Published on December 14, 2007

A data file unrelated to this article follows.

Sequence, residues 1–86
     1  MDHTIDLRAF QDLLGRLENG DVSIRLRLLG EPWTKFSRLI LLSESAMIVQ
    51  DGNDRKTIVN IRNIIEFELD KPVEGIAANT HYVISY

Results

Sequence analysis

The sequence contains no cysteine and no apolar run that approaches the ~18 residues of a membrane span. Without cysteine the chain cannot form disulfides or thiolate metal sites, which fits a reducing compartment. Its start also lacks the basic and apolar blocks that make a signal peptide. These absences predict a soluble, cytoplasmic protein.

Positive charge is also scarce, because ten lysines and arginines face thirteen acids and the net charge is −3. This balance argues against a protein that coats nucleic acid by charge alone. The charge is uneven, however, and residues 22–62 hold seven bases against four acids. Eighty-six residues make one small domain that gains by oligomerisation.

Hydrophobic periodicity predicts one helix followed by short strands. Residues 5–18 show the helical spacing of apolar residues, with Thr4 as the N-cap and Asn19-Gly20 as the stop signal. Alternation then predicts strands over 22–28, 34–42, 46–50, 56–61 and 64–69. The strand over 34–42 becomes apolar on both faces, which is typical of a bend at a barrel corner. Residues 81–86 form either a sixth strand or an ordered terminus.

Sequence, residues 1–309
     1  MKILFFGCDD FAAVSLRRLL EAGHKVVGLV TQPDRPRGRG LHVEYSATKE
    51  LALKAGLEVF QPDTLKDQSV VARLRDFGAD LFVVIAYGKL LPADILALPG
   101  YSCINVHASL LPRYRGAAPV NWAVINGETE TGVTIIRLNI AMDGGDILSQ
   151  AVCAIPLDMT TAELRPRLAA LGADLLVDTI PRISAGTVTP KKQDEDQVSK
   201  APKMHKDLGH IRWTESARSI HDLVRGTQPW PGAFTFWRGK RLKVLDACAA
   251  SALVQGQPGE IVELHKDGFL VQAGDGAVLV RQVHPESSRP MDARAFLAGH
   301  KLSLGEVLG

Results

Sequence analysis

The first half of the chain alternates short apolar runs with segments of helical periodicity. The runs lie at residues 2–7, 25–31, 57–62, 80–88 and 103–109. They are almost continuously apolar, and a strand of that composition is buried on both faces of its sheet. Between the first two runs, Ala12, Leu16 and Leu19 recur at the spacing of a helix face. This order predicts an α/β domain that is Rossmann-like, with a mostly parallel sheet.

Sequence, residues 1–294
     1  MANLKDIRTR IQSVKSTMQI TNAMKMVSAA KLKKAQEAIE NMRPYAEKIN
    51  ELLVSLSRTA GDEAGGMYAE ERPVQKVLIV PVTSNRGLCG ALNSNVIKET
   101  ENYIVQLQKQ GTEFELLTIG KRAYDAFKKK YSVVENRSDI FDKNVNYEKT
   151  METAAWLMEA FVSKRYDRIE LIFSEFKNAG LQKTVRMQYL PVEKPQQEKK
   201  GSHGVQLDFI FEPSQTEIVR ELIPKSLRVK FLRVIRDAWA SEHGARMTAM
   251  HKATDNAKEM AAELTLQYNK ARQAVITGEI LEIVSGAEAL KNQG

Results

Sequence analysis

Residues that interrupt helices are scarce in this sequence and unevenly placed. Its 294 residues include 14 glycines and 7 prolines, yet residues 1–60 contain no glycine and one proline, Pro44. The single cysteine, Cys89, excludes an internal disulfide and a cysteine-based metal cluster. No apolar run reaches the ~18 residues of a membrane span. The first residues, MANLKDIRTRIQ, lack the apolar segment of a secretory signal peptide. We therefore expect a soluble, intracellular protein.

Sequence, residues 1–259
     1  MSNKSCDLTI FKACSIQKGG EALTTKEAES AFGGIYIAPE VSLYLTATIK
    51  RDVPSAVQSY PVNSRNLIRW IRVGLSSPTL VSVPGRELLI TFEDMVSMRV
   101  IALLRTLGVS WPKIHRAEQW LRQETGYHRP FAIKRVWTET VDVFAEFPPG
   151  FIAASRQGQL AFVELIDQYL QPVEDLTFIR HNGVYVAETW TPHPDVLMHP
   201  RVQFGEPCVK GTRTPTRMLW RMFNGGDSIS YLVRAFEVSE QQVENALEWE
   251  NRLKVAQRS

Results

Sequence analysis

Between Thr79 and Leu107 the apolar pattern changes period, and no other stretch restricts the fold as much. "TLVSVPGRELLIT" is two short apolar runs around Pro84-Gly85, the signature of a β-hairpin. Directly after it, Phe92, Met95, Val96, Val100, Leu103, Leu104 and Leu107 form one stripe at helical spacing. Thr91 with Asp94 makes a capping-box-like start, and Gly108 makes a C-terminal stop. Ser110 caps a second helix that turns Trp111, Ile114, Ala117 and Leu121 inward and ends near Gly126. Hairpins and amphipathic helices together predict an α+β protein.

Does Resource Partitioning occur between Apis and Bombus on Ceanothus Thyrsiflorus flowers?: Does Resource Partitioning occur between Apis and Bombus on Ceanothus Thyrsiflorus flowers? Rudy Borowczak & Darren Yondorf Pollination Biology 2007 Introduction:: Introduction: Ceanothus Thyrsiflorus plant- shrub up to 6 m tall, evergreen perennial, native to western CA and OR, Flowers- 1-2 cm diameter, complete and perfect, Major pollinators- Bombus, Apis, solitary bees Resources: Pollen and Nectar (observed) Slide4: Questions from primary observations Multiple species of bees observed foraging on Ceanothus Abundance of Bombus noticed compared to Apis Why are there less Apis when the hive is nearby, and Ceanothus has a broad array of flowers? Hypothesis: interspecific competition for resources driving spatial/temporal resource partitioning between Apis and Bombus. What resource? Presumed proximate & ultimate mechanisms Null Hypothesis: Competition (and resource partitioning) not influencing prevalence of Bombus. Introduction: Methods: Methods Determine resource (nectar) quality/avaliability at different times during the course of a day. Observe pollinators on marked inflorescences for simultaneous times: Temporal/spatial distribution Is competition occurring? What type? Determine correlation between species present and resource. Record environmental conditions. Local averages for temperature, humidity, weather. Slide6: Table 1: Average abundance of bees for each time, averaged from multiple sample days. Proportions are shown to illustrate the prevalence of Bombus at all times. Average temperature at sampling times is also shown to correlate with the presence of Apis. Complications in sampling nectar led to inconclusive data, and we were forced to throw it out. But that’s ok. Results & Discussion Slide7: Fig 1: Shows temporal distribution of Apis & Bombus. Based on averages from multiple days. Fig 2: Average temperature throughout sampling period. Results & Discussion Slide8: Nectar data inconclusive. Bee distribution is likely unrelated to competition anyway. Presence of Apis limited: Very low amounts of nectar probable. Temperature dependent foraging: Bombus able to exploit early morning and evening. Results & Discussion Slide9: Our results indicate that resources on Ceanothus are not competed for between Apis and Bombus enough to drive partitioning. This means that our hypothesis is incorrect: abiotic factors (temperature), and the lack of Apis recruitment to the resource lead to the prevalence of Bombus, not competition. Though Bombus has the opportunity to exploit the resource through adaption to the colder crepuscular temperatures, Apis is uninterested. Results & Discussion Slide10: Questions for Future Study Does resource partitioning occur on a community level?